The Department of Defense’s new Cybersecurity Maturity Model Certification (CMMC) is complete. It’s also still evolving. On top of that, it’s not exactly clear how CMMC will continue to change. Much will depend on the makeup of the next administration — so 2024 will be a key year for the cybersecurity standard.
No wonder why government contractors are feeling anxious and confused about CMMC.
We recently attended the CMMC Implementer’s Conference in San Diego. This conference was focused on empowering industry professionals with information to create and maintain a secure, compliant environment. Among the keynotes and sessions, we came away with three main takeaways:
- CMMC is done, so suppliers need to start doing it now.
- SPRS scores are critical.
- Industries such as education, fintech, and healthcare are the next main areas of focus under CMMC.
Let’s unpack these takeaways.
Related: Take These Action Steps to Become CMMC Compliant
1) Don’t Wait to Start CMMC
Yes, CMMC has undergone a lot of changes up to now, and more changes are coming. But CMMC is live and the DoD is now evaluating contractors using CMMC. The remaining updates will be refinements to the existing structure, not overhauls. They will clarify and enhance what already exists, rather than fundamentally change the security standard.
That means if you’ve been sitting on the sidelines waiting for the dust to settle, you shouldn’t wait any longer to get started with CMMC.
Although CMMC is still an evolving standard, it is considered done and DoD contractors need to go through certification now.
CMMC is basically the new NIST 800-171 — although it’s an expansion on NIST. If you’ve gone up against NIST 800-171 in the past, CMMC won’t be a huge change for you. But as CMMC continues to evolve, more controls will undoubtedly be added to the standard.
The good news for TCT customers is that NIST 800-171 has been available in TCT Portal for years. Switching to CMMC will be a snap for you.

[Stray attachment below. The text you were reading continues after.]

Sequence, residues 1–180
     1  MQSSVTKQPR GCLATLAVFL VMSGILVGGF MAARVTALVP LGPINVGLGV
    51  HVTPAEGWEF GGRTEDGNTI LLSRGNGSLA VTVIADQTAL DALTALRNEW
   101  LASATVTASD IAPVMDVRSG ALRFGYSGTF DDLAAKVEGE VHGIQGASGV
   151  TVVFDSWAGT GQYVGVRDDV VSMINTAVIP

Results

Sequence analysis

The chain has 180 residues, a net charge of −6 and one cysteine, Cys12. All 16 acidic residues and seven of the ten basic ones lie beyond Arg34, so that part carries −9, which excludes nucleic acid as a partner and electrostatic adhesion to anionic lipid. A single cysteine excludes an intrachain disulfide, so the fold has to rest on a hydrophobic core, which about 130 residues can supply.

2) Your SPRS Score Is the Most Important Metric
As of CMMC 2.0, the SPRS score is king. The better your score, the better your chances of winning a government contract. A poor SPRS score can eliminate you from consideration.
CMMC requires you to perform a self-assessment of your cybersecurity stance. As you evaluate your program, your score goes up from a starting point of -203. A perfect score is 110, although it’s rare to achieve. The self evaluation is submitted to SPRS, the DoD’s system for analyzing supplier risk.
Under a new rule by the DoD, the information in SPRS, which also includes other supplier (i.e., contractor) risk information, will be considered along with price when evaluating proposals.
There’s more than just the SPRS score that goes into the DoD’s hiring process — not the least of which is how much you’re charging them and how good your work is. That said, going forward, the SPRS score will be the most important aspect of CMMC, because it provides a simple data point for summarizing your cybersecurity stance.
Related: CMMC and the SPRS Score: What It Means for DoD Contractors
3) Expansion to New Verticals
Katie Arrington, former CISO of the United States and an architect of CMMC, was the keynote speaker at the recent CIC conference. During her talk, she spoke about the expansion of CMMC to other verticals.
Expect to see a focus on higher education, healthcare, and fintech in the future. It’s imperative to the DoD to have a unified regulatory control over suppliers that work with the government, from every industry — and these three verticals are among the most common government suppliers.
The healthcare space and higher education will probably have an interesting time adjusting to CMMC. It will be unfamiliar territory especially for many research universities, because they’ve never had to abide by a government standard like CMMC before. For these suppliers, it will be very beneficial to have a compliance management system that keeps everything organized and streamlines the process.
CMMC Is More Doable Than You Might Think
As CMMC has come online, we’ve seen a wave of DoD suppliers drop out of government contracts. They’ve decided to wash their hands of it, because they don’t want to deal with the pain of going through CMMC. They don’t gain enough business from government contracts to make the time, effort, and energy worthwhile.
As CMMC’s expansion continues into these additional verticals, time will tell how many of those government contracts will go by the wayside as well. If you’ve done some amount of DoD contracting in the past, you’ll probably need to evaluate whether or not it makes sense to go up against CMMC.
At the same time, don’t be scared off by a set of unfamiliar letters. If you’ve had to go up against other security and compliance standards in the past, chances are good that you’re already doing most of the work that CMMC requires.
TCT Portal can make it simple to apply your existing compliance engagements towards CMMC. Even if this is your first time going up against a security standard, TCT’s compliance management tool streamlines your efforts, clarifies the requirements, and makes your path forward smoother.
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